HARRISBURG, Pa. (WHTM) — It’s been the subject of controversy in dozens of municipalities whose councils have passed ordinances — and in one (Chambersburg) whose council passed an ordinance, only to overturn it months later.
But a new statewide rule — if approved — could quickly make the differences between municipal rules less important on matters of discrimination based on sexual orientation and gender identification.
“The message we’re sending to the LGBTQ community is that Pennsylvania is a state that welcomes everybody and will protect everyone from discrimination,” said Joel Bolstein, chairperson of Pennsylvania’s Human Relations Commission (HRC), which proposed the new rule.
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Already, based on federal law, companies with 15 or more employees couldn’t discriminate based on sex — which in 2020 the U.S. Supreme Court found applies not only to sex at birth, but also to sexual orientation and gender identity. About 70 Pennsylvania municipalities, in which (according to Bolstein) about half the state’s residents live, have ordinances providing stricter protections than state law.
The new regulation would lower the threshold for protection to employers of just four or more employees.
“Now, for 30 days, we hope that people will send us public comments, pro or con,” Bolstein said. For those again, “We’d like to understand what people’s concerns are.”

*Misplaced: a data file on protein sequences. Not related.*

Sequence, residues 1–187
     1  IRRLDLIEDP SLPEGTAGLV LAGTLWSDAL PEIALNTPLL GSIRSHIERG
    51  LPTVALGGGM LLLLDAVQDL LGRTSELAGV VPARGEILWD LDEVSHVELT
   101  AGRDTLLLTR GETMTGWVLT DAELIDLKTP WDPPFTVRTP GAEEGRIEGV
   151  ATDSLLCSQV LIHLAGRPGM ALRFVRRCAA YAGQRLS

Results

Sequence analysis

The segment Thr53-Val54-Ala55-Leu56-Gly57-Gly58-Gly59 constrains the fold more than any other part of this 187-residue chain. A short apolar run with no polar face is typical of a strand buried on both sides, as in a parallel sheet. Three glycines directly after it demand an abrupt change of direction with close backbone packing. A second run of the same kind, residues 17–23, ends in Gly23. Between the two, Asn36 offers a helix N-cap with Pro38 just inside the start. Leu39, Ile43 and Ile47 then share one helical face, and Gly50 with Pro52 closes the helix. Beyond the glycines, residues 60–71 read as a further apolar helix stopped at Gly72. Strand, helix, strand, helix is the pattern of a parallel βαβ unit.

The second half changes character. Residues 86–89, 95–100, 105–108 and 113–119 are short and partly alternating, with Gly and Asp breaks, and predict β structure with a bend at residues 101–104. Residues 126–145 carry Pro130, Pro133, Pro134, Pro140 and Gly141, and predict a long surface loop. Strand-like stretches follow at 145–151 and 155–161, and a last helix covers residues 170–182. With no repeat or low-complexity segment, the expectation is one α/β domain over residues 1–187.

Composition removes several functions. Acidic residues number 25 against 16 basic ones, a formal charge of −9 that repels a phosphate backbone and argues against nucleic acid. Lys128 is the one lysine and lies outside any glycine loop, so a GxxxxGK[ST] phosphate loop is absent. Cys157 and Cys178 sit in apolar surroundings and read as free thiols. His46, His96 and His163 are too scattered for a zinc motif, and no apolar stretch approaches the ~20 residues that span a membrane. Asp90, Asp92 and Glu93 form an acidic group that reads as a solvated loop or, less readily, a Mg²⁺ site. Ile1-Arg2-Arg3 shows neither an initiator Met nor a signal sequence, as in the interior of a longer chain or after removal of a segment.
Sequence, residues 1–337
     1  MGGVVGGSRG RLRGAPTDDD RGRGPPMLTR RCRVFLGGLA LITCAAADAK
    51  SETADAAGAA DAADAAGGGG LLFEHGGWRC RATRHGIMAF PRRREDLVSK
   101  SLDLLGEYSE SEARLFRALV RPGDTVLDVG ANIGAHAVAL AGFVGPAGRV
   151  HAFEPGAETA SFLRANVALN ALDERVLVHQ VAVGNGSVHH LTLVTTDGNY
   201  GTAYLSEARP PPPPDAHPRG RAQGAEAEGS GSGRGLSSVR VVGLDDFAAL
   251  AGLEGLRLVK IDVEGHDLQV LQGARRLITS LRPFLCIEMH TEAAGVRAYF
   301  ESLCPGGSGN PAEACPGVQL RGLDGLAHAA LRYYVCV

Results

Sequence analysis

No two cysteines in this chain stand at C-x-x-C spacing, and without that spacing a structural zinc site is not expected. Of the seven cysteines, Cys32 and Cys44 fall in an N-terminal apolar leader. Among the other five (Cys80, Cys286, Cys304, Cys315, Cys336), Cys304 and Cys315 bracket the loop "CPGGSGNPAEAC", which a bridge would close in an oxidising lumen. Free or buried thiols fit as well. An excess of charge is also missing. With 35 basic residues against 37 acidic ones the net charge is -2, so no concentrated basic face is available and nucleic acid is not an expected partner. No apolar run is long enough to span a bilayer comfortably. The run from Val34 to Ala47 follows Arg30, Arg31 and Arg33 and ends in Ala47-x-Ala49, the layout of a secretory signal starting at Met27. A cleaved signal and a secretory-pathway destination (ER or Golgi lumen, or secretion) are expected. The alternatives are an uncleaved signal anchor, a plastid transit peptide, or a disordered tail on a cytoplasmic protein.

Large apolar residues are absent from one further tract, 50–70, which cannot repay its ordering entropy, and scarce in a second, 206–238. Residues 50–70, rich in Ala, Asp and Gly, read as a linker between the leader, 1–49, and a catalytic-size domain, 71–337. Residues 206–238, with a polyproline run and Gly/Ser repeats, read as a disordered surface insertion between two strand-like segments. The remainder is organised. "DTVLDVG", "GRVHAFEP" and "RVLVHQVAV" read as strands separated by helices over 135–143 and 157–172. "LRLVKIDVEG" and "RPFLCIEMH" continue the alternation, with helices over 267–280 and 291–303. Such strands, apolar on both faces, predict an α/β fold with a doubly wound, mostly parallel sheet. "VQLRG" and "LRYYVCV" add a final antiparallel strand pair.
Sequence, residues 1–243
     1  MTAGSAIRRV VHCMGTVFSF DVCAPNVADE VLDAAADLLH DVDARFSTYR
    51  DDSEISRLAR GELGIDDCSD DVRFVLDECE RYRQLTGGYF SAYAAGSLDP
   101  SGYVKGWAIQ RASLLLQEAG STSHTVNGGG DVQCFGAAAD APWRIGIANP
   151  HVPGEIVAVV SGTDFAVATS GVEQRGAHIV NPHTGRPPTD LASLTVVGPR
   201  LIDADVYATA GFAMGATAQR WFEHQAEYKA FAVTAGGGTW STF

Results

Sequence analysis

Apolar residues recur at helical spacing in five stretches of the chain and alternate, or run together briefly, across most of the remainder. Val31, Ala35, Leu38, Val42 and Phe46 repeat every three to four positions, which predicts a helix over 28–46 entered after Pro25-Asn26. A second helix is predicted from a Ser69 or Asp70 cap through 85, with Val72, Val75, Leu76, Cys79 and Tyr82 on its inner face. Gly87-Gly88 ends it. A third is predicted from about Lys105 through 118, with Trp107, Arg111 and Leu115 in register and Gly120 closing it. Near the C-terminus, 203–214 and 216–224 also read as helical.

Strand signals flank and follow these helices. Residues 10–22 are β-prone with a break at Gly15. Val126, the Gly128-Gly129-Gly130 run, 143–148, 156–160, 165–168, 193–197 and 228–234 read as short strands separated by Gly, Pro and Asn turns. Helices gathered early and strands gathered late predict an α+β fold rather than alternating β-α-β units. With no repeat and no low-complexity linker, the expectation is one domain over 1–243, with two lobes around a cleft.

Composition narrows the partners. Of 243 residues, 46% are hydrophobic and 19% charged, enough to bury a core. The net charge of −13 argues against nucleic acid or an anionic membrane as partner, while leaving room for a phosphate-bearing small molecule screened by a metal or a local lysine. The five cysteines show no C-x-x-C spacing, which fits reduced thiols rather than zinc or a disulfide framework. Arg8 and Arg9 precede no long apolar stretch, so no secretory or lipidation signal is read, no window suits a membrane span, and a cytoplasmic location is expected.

You can email comments to HRREGSCOMMENT@pa.gov.
Because it’s a regulation — not legislation — the proposal wouldn’t require approval by Pennsylvania’s GOP-controlled legislature. Bolstein said HRC members of both parties voted unanimously in favor of the regulation. Bolstein was originally appointed to the commission in 1999 by Governor Tom Ridge, a Republican; current Governor Tom Wolf, a Democrat, elevated him to chairperson.
Who isn’t protected today but would be if the IRRC approves the new rule?
“Let’s imagine we’re talking about a floral shop” with — say — five employees, said David Moore, president of the Meadville-based Pennsylvania Equality Project. “One of the employees happens to be somebody who’s a gay man. That gay man could not face discrimination, would not face losing his job or having his hours cut” based on his sexual orientation.
The rules apply to housing and education, as well as employment.
Bolstein said beyond the 30-day comment period, he can’t predict how soon the proposal might go into effect.
“It could happen very quickly,” he said. “Or depending upon the volume of comments we get, it could take a little longer.”